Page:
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Economics After the Crisis: Objectives and Means (Lionel Robbins Lectures) Hardcover – March 23, 2012

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Editorial Reviews


A well-researched and profound rethink of macroeconomic and financial policy after the crisis. Lord Adair Turner not only challenges the consensus on short-term tactical approaches to regulation and macroeconomic management, but he forces the reader to think more deeply about the long term goals of policy, including unfettered growth and the role of the free market.

(Kenneth Rogoff, Harvard University)

Adair Turner insists that economics should analyze the world as it actually is and human beings as they actually are and avoid taking its simplifying assumptions too literally. In this short volume he sketches the elements of such an analysis and shows how they can be applied to policy problems of the day, from financial regulation and population growth to climate change and income inequality. No one who worries about the future of the economy -- and the planet -- will fail to be provoked.

(Barry Eichengreen, George C. Pardee and Helen N. Pardee Professor of Economics and Political Science, University of California, Berkeley)

...With this book, Turner has proved that Britain still produces thinkers who combine ideas with practical experience.

(New Statesman)

Adair Turner is the jewel in the crown of British public servants. He is one of a tiny minority in public life today capable of thinking and acting at the highest level. Economics After the Crisis, based on three lectures he delivered at the London School of Economics in 2010, is a thinking person's delight, not least for the clear and lucid way in which Turner sets out his arguments.

(Robert Skidelsky The Times Literary Supplement)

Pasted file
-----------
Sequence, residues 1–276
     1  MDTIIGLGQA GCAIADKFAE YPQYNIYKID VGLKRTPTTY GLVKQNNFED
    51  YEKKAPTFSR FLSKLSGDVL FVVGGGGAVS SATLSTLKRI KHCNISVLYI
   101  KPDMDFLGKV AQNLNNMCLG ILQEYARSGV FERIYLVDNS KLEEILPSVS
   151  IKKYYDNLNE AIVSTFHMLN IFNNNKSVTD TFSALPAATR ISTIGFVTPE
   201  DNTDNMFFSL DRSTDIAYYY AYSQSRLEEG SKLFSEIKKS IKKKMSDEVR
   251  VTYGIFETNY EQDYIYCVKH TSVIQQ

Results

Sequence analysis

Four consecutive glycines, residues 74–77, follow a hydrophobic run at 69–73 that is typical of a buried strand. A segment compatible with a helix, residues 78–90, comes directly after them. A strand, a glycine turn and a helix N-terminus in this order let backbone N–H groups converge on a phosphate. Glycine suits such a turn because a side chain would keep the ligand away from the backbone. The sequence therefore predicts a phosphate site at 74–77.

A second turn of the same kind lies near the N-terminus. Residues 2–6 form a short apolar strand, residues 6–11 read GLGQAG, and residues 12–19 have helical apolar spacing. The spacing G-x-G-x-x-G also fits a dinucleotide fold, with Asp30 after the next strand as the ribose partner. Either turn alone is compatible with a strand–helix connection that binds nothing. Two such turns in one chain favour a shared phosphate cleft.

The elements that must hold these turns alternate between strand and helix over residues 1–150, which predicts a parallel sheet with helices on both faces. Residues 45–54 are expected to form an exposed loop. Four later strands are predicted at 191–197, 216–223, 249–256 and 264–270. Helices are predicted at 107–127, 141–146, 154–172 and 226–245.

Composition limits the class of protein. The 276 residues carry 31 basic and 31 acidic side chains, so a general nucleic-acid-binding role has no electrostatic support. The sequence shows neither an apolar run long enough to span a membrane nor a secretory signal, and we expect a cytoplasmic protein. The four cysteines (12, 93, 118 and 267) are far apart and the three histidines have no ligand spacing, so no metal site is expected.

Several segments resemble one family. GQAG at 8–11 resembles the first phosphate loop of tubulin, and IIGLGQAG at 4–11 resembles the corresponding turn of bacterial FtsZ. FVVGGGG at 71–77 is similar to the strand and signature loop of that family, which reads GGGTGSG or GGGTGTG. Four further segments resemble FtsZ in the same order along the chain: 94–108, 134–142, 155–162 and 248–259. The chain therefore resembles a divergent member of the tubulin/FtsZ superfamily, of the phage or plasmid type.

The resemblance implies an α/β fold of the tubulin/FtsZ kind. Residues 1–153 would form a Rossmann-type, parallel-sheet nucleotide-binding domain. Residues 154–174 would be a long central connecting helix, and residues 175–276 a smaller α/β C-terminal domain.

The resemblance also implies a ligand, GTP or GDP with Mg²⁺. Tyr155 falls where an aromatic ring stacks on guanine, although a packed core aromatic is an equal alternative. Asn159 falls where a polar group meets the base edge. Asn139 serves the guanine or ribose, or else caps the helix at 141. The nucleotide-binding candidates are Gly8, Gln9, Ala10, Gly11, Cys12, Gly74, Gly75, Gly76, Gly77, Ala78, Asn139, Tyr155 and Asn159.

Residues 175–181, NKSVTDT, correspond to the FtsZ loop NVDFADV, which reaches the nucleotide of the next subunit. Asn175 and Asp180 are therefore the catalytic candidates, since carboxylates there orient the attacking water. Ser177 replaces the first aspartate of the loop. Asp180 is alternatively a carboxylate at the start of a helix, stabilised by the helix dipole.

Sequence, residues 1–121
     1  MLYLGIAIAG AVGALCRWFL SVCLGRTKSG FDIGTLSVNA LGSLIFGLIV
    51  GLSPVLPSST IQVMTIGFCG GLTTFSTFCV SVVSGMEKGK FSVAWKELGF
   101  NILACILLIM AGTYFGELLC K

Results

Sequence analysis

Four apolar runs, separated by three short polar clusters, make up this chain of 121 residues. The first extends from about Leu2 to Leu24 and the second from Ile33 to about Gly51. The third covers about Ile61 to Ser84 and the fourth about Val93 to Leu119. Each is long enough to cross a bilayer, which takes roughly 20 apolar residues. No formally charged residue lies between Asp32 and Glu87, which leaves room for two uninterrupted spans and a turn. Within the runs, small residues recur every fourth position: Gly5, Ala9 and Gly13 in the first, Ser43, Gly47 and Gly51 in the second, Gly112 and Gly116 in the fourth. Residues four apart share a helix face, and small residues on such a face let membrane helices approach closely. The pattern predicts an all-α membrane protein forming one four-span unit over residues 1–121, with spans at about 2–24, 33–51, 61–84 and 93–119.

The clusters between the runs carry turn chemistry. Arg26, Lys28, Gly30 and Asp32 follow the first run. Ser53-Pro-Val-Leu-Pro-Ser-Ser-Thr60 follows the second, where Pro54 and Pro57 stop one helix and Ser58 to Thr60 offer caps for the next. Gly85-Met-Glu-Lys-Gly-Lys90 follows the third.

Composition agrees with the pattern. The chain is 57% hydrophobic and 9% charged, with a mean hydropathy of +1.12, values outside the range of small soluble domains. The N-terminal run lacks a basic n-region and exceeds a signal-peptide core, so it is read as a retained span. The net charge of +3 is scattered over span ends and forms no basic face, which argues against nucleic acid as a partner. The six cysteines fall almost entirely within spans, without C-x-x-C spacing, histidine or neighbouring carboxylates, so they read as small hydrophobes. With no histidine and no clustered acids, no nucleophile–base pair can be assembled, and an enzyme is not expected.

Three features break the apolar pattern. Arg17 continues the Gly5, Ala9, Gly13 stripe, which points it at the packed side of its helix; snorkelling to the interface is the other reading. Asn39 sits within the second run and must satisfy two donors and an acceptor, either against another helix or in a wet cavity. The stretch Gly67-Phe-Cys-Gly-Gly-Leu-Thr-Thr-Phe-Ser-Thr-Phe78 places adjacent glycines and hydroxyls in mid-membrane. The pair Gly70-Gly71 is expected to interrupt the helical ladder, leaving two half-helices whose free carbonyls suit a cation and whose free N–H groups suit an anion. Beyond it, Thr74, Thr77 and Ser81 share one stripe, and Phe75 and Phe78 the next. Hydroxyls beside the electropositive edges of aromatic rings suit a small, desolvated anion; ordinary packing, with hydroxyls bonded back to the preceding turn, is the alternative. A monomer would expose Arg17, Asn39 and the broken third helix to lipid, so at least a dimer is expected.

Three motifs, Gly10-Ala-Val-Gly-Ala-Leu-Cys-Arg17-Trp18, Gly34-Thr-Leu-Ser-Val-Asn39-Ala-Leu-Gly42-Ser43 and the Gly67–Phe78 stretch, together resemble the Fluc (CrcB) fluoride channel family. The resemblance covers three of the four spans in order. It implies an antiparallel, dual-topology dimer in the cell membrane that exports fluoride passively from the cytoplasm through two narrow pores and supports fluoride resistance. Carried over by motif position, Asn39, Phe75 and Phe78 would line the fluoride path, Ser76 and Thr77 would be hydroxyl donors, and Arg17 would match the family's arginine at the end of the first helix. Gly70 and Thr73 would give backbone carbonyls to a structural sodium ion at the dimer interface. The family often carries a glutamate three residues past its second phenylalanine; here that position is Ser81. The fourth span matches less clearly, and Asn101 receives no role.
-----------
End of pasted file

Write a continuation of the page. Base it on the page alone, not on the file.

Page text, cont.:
About the Author

Adair Turner, Chairman of Britain's Financial Services Authority from September 2008 to March 2013, is a Senior Fellow of the Institute for New Economic Thinking. He is Visiting Professor at the London School of Economics and at Cass Business School, City University London, and the author of Just Capital: The Liberal Economy.

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Product Details

  • Series: Lionel Robbins Lectures
  • Hardcover: 128 pages
  • Publisher: The MIT Press (March 23, 2012)
  • Language: English
  • ISBN-10: 026201744X
  • ISBN-13: 978-0262017442
  • Product Dimensions: 6 x 0.4 x 9 inches
  • Shipping Weight: 11.2 ounces (View shipping rates and policies)
  • Average Customer Review: 4.0 out of 5 stars  See all reviews (7 customer reviews)
  • Amazon Best Sellers Rank: #1,218,228 in Books (See Top 100 in Books)

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Most Helpful Customer Reviews

3 of 3 people found the following review helpful By Samuel J. Sharp on June 21, 2012
Format: Hardcover
In this short (96 pages excluding introduction) book, Lord Turner sets forth three major arguments in three chapters: 1) Contrary to conventional economic understanding, increases in economic growth beyond some level of per capita GDP will not necessarily produce meaningful increases in welfare or happiness; 2) Some forms of increased market liberalization (especially in financial markets) does not produce greater efficiency and instead can create unjustifiable instability and inequality; 3) The field of economics should move from simplified models that do not reflect reality and instead become a moral science that incorporates lessons from history, politics, and philosophy.

These arguments include a number of nuanced qualifiers but a highly simplified, one sentence summary of his conclusion would be: "In advanced economies, because of the decreased marginal gains in utility from increased economic growth, and because of the large decreases in utility from sharp recessions, markets should be regulated to provide stability and equality rather than be left free to pursue growth as the ultimate end of economic activity." Proponents of lightly regulated free markets will likely disagree with most of this book, but I think they will find Turner's efforts scholarly, well-thought out, and fairly presented. Turner relies heavily on the work of others, and even if a reader is not impressed with this book, there are several studies and books cited that may lead to works that otherwise would not have been encountered because many of those sources are from British authors not normally cited in U.S. books on economics.

There are a few downsides to note. The price is somewhat high for such a short book.